Learn English Grammar with Twitter, Really?
As far as grammar goes, Twitter is kind of like the wild, wild West for English learners. There are many law abiding tweeters, but there are many others who make up their own rules. In addition to doing typical English grammar exercises, observing users on Twitter is actually a great chance to learn English grammar.
Take a trip with me today to the wild West town of Twitterville. We’ll visit three buildings so you can observe the grammar used in each to mimic in your own tweets.
Learn English Grammar by Observing, Not Memorizing
First of all, what is grammar anyway? My college linguistic’s professor would love me for quoting her. She described grammar as any set of rules to guide communication as it is defined by a certain group of people. In other words, as long as you talk and write like everyone else in your group,you are using correct grammar.
That may be what grammar really is, but it’s not how we define it now. At some point in history, people had to decide on a standard form of language to make it easier to teach others and share knowledge. This probably happened when Latin was no longer spoken by anyone but was still a major language for churches and political relationships.
On Twitter, however, proper grammar is back to being what the group says it is. You can find everything from strange spelling, double negatives, and slang that very few understand, to proper, professional English that is recognized by anyone as ‘good English’.
Instead of memorizing English grammar like you usually do, Twitter makes it possible to remember by watching and doing.
The Places to Know in Twitterville
Staying with our wild West image, here are the three ‘places’ you can go to observe how people talk, and what you can expect to find in each one. Based on your own goals for learning English, keep these things in mind when learning grammar forms on Twitter.
I suggest that you make a list for each of these ‘places’. As you observe the different users, try to learn more about English grammar by understanding how they say things differently.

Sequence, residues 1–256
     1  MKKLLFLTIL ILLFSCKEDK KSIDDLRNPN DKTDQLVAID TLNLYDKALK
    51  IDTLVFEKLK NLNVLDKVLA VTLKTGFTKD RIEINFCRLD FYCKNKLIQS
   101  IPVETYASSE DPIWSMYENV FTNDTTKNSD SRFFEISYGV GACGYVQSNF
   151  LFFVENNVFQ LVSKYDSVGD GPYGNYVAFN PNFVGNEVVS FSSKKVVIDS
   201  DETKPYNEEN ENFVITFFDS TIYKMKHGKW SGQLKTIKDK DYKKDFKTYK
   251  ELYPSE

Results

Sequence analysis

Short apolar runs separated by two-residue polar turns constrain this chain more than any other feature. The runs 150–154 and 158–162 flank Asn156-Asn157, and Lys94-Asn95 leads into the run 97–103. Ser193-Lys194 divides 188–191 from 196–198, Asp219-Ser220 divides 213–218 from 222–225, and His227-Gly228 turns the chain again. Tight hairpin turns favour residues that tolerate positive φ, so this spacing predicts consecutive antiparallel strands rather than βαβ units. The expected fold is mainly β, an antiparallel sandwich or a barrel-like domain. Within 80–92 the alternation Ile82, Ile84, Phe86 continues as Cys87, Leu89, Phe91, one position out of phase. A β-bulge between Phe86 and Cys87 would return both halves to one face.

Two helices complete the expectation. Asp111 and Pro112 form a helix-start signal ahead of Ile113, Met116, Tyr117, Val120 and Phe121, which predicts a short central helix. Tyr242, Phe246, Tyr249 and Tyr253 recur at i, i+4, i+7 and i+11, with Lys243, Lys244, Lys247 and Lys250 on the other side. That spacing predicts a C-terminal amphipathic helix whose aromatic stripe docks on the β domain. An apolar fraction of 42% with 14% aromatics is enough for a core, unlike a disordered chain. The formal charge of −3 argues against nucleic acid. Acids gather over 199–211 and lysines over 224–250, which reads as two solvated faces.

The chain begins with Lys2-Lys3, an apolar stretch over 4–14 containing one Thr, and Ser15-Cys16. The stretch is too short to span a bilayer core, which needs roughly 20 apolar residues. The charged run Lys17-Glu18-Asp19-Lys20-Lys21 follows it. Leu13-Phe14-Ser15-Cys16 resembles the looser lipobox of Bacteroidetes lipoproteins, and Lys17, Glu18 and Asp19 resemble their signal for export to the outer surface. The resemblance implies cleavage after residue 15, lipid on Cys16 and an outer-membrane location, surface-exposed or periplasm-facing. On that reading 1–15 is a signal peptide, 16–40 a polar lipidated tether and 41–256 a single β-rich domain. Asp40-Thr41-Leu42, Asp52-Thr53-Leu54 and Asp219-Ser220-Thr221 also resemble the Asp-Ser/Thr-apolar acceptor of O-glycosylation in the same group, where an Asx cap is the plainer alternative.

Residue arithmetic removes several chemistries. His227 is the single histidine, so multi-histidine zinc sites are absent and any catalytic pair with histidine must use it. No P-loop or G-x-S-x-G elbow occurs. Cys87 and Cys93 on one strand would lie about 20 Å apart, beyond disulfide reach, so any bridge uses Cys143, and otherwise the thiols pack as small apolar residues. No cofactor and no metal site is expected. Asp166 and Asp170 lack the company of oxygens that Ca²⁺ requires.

Everything being said in the county courthouse is professional. This includes tweets from news source, well known bloggers and writers, and anyone else using Twitter for academic or professional purposes. They will always use very good grammar. It might be casual a lot of the time, but it will always be accepted as proper grammar. These guys and gals are following the rules. Copy and learn from them, and you’ll have no problem using your English anywhere you go.
The hotel is where you run into people like actors, comedians, and musicians. What I’ve noticed is that these tweeters are representing themselves. How they tweet and the language they use will depend on if they are always someone in character (like comedians), or if they want to be accepted by the largest audience as possible.
Because they are representing themselves, they will all have a unique way of tweeting that is true to their character. If you’re a fan, you’ll probably know what to expect.
These people are great for getting cultural insight. You can learn what’s popular now, and what people find funny.
It’s difficult to understand humor in other cultures, though, so keep that in mind. Just stick with it for a while!
The saloon is where you can find the normal, everyday people who want to have a good time. This is where the English being used can get very rough and difficult for learners to understand. While these tweeters might be professionals during the day, they might not be using Twitter in a professional way at all.
You can pick out these people easiest by looking at their bio. If they mainly use Twitter with their friends and don’t mention their profession, their tweets might not use the best grammar. You can also look at number of followers. If they don’t have that many followers, they are probably just tweeting with friends.
One thing to keep in mind is, just because they are not at the saloon to represent their professional self, that doesn’t mean they’re going to be using bad grammar. The only way to really know is to follow them and compare their tweets with those of people in the courthouse.
I hope you enjoyed this post. It shows why I think Twitter is such a fascinating place. Although it’s a global network, it shows us how much people really group together and communicate in a way that the group understands and expects. If you keep this in mind when practicing English on Twitter, I think it will really help you learn English grammar and all that it means much better.
When you want to practice any new grammar you learn on Twitter, remember to use these two simple tips when starting conversations. It will help you get more followers, too!